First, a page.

anybody who has seen In the "Company of Men", they
will soon find out that Neil LaBute returns back to similar
form with his new film "The Shape of Things". And
for those who were entertained by the savage battle of the
sexes on display in the earlier movie will be similarly enthralled
with this new film. LaBute is so good at creating
interesting characters (even though you may hate some of
them) and his quick, biting writing can only make one think
of David Mamet.
The story unfolds as we meet Adam who is a nerdy college
student working part-time in a museum. He discovers a
girl near an almost nude statue and who has stepped across
the ropes which are meant to keep people away from the art.
Adam tries to persuade the girl to leave when he finds out
that her intentions is to spray paint the statue because she
finds something about it to be not an honest piece of art.
Well, it turns out this girl, Evelyn, is an art student, and
sure enough she and Adam takes a liking to each other and
We soon are introduced to Adam's roommate Phillip and his fiancée
Jenny. Phillip is a real obnoxious jerk and Jenny is a
sweet girl who wants Phillip to change but apparently will
accept him as he is anyway. As the story unfolds,
Evelyn decides to change things about Adam at about every
turn. For his improvement, she has him change his hair
style, lose weight, wear different clothes, and even get a
nose job. Adam willfully goes along with all these
suggestions because his is obviously slowly falling in love
with this wild and creative Evelyn. Then conflicts
appear between all four friends and lovers which threatens
both their friendships and the romance between both couples.
At this stage, I will stop talking about the plotline of the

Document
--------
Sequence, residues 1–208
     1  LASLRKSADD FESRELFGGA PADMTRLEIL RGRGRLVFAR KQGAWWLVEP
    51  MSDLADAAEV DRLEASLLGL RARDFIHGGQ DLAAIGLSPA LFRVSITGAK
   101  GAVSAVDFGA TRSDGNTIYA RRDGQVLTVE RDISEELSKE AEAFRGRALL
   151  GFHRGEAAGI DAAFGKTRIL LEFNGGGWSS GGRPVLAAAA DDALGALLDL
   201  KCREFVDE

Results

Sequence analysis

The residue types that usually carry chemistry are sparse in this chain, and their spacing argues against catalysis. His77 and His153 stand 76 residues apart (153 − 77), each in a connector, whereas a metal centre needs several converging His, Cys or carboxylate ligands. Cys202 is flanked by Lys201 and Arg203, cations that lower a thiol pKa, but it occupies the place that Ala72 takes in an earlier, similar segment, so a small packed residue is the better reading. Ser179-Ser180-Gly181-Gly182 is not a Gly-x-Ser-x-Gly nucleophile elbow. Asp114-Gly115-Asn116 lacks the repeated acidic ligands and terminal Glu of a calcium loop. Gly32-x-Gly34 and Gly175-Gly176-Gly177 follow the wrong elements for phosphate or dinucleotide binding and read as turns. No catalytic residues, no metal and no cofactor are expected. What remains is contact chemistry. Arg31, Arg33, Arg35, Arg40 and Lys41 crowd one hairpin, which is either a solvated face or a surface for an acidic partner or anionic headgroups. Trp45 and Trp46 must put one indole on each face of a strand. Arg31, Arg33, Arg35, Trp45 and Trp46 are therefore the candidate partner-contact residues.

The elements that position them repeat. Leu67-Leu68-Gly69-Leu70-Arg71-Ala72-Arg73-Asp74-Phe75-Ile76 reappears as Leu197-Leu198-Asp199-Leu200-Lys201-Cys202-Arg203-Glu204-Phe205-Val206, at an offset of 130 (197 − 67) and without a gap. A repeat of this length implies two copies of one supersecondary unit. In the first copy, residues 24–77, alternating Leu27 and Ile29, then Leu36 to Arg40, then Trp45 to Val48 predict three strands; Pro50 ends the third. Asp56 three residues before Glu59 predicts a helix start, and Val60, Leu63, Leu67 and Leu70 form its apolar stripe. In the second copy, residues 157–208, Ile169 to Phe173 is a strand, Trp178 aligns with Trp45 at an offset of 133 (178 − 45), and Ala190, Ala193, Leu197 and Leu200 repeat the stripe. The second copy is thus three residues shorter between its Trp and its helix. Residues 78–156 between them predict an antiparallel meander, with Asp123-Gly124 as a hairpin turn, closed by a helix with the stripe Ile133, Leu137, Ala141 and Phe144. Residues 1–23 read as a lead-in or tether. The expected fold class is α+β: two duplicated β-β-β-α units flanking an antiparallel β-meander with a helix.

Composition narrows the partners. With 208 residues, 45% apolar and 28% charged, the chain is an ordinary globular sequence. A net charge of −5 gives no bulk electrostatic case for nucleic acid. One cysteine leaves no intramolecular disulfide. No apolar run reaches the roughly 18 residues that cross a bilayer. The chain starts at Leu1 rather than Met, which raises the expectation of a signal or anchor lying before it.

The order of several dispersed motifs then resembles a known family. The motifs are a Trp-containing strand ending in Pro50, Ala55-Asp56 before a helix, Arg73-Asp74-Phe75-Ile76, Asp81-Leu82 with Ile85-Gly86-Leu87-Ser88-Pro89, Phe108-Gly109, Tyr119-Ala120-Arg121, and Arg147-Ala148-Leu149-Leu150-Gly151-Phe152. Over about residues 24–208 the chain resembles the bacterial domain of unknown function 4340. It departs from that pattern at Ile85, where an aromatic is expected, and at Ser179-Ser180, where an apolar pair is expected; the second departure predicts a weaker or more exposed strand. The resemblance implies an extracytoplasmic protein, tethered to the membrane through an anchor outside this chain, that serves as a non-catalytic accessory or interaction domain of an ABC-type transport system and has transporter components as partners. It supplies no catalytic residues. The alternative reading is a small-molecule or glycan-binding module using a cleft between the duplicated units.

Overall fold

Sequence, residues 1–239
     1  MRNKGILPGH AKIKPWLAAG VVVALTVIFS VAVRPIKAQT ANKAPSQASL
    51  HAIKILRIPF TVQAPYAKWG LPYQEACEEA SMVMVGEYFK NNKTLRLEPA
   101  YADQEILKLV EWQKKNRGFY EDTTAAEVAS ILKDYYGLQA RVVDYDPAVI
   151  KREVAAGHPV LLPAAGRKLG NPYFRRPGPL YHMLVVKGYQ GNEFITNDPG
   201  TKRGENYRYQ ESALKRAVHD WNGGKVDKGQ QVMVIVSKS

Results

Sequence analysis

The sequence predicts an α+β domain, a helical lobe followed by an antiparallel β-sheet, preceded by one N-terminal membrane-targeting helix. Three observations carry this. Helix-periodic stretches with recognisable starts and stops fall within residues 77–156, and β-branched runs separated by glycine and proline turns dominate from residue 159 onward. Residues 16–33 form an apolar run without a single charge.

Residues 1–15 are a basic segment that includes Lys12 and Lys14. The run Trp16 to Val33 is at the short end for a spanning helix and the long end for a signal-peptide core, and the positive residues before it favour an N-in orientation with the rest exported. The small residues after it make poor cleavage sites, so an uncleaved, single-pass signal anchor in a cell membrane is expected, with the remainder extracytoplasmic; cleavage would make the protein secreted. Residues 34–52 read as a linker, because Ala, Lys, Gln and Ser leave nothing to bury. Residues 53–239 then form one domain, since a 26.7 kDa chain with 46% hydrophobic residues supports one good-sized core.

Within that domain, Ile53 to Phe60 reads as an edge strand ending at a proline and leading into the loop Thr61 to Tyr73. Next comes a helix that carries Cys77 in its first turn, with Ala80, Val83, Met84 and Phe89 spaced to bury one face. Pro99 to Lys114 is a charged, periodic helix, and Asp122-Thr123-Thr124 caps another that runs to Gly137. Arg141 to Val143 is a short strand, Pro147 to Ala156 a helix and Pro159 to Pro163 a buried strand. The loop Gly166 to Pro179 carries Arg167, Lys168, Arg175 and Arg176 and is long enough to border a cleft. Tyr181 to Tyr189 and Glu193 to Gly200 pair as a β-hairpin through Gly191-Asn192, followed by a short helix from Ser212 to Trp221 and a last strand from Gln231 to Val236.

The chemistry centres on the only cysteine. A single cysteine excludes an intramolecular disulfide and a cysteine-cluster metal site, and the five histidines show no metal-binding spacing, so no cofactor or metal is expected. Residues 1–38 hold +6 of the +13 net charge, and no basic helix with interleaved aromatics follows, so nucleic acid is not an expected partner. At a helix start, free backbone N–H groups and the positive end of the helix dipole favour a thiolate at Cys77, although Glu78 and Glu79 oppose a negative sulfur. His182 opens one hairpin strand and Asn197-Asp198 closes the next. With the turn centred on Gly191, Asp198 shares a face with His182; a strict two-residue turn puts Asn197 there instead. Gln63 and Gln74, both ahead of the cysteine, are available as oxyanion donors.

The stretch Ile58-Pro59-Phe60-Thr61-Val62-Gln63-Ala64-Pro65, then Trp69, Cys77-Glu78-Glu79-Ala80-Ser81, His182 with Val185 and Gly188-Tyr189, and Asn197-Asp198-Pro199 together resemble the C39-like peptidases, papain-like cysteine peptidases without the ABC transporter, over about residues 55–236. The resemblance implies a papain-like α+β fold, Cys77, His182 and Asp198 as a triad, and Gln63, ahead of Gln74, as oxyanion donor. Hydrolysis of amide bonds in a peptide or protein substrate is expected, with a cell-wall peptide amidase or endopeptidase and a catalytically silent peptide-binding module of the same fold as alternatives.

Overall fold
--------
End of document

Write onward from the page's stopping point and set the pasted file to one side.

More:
story in order to not give anything away. Suffice to
say, the film takes a detour from heaven to hell.
There are lots of themes being tackled in this film.
From the situations where lovers try to change each other to
meet their expectations of what they want their partner to
be, to the themes of manipulation, distrust and humiliation
that often goes on in relationships. At first, I was
disappointed in the story because it appeared to be an
overly sweet story of opposites who are attracted to each
other. Boy, was I ever wrong! The story gets
more intriguing as it goes along and the final third act
will knock you off your seat. LaBute pulls no punches
here as cruelty and manipulation over-powers the excitement
of romance between young lovers. The story quickly
becomes a fascinating battle of the sexes at the expense of
a sweet love story between college students.
As I mentioned earlier, LaBute displays his great writing in
this film. The dialogue is crisp and can quickly turn
from being funny to being dead serious and biting.
I've read where all four actors in this film had performed
on stage playing the same characters as this was a play
first. At times, the way they say their dialogue
appears to be from the stage rather than being totally real.
And I found that the character Phillip was a bit too
obnoxious. But these are minor quibbles with this film
as I found it to be most engrossing, especially after the
first third of the movie.
All the actors give very good performances all around.
Paul Rudd and Rachel Weisz are given most of the screen time
and they are nothing short of marvelous. Seems I've
seen Weisz in many different movies lately and she continues
to impress with each and every role. I don't recall
seeing Rudd before but just based on this performance alone,
I look for him to be on the screen often in the future.
Anybody who goes see this movie and expects to be
entertained by your run of the mill romantic comedy will be
easily shocked by the turn of events of the story.
This is not your typical love story with a fairy tale
ending. If you have seen some of LaBute's earlier
films, you will probably know to expect something dangerous
and much more original than the typical movie about college
sweethearts. The final act of this film just blew me